No matter the opinion, hundreds of thousands of tourists head to the site to at least get some idea of what it was like for fighting sides during the Vietnam War. It’s here visitors can explore the intricate underground network of tunnels – a 75-mile underground maze where villagers and those loyal to the communist movement fought, ate and slept at the height of the fighting. Crude weaponry used during the underground campaign is displayed in a grisly exhibition of how soldiers met their untimely deaths. It came unexpectedly for most, with many falling into poisoned stake pits. But the final minutes of life must have been excruciatingly painful.
These days, the only obstacles tourists face are the lines of tacky souvenir vendors. Westerners who experience the claustrophobic conditions underground and sample the crap food once consumed there can now buy a bullet on a chain as a fitting memento.
But many would argue the legacy the Vietnamese would rather leave visitors with is found in the busy streets of Ho Chi Minh. At the War Remnants Museum, patrons are shown a catalogue of recorded horrors from the duration of the campaign, with gut-wrenching images of destruction, torn corpses and documentation of US force’s alleged war crimes. It’s not for the faint-hearted.
An American tank and helicopter displayed outside the museum serve as fitting reminders of the US force’s artillery strength. But in another corner, two large glass jars hold the preserved remains of stillborn Siamese twins and a second deformed baby – a result of Agent Orange chemical spray contamination – and a clear reminder that the affects of the war continued here long after it was over.
To tour this exhibition is to see a side of the conflict few have probably seen. Some are quick to label it propaganda; others, though, probably leave with a greater understanding of the capacity of the human spirit and the sort of things people will do to one another when completely drained of it.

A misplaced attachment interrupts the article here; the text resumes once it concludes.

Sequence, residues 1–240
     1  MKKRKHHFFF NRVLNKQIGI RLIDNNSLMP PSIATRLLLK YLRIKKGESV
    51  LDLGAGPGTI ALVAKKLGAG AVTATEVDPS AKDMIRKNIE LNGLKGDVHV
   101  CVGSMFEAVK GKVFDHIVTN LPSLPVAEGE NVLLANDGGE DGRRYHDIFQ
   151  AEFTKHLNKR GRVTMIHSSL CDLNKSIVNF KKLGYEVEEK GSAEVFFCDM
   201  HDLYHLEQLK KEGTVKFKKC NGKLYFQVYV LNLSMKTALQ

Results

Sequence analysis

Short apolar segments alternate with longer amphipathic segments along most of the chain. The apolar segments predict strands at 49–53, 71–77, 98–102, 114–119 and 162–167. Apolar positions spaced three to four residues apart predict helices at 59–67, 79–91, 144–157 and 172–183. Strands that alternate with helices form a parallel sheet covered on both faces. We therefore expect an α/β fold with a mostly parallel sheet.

But it’s across Vietnam’s southern border, over the rich and diverse waters of the Mekong Delta and into the rice fields of Cambodia, where tourists face something far more confronting.
Less than an hour from the capital Phnom Penh, up a dusty unsealed road, past shabby village huts and stalls on a property once used by farmers, hundreds of human skulls lie stacked on top of each other in a shrine of remembrance at the Cambodian Killing Fields.
Huge mass graves mark the resting place of thousands of men, women and children murdered during the rule of the communist guerrilla group the Khmer Rouge. After taking power in 1975, the movement led by Pol Pot, tortured and killed on an unimaginable scale. An estimated two million Cambodians died. Everybody was put to work in fields outside the city and those who refused were killed: educated professionals, ethnic minorities, it did not matter. There was no escaping the brutality.
The majority of visitors probably arrive with the sole purpose of ticking another box on their travel agenda. But it would be hard to walk away not having been affected by what they see here. Below the shelves of human skulls lie hundreds of clothing articles recovered from the bodies of those buried in the surrounding grounds. Elsewhere, human bones lie stacked or scattered around sunken pits where people of every age were abused, beaten, tortured and executed.
But it’s at S-21 – an interrogation centre in an old suburban high school back in Phnom Penh – where tourists are really forced to contemplate how evil this regime became.Thousands of black-and-white pictures of nameless Cambodian prisoners line the walls of each room, every one of them the last recorded image before they were tortured and killed. On some walls, uncertain faces are tacked beside images of battered corpses in macabre before-and-after shots.
It is very hard for your average budget traveller to comprehend and, for a moment, reason enough to feel guilty for enjoying a holiday experience here. Sure, the beer may be cheap but it doesn’t sit well when you contemplate how so many died across these two countries for no real reason.
It is nevertheless what a traveller to this part of the world need prepare for. There are, of course, plenty of other reasons to visit. Both countries boast long sandy beaches, wild jungle experiences, temples and cities bustling with everything you’d expect from this region. To visit Vietnam and Cambodia is to delve into the past driven by dispute, war and tragedy. But it’s as much about appreciating the tenacity of people who have come through it all and still have a smile on their face.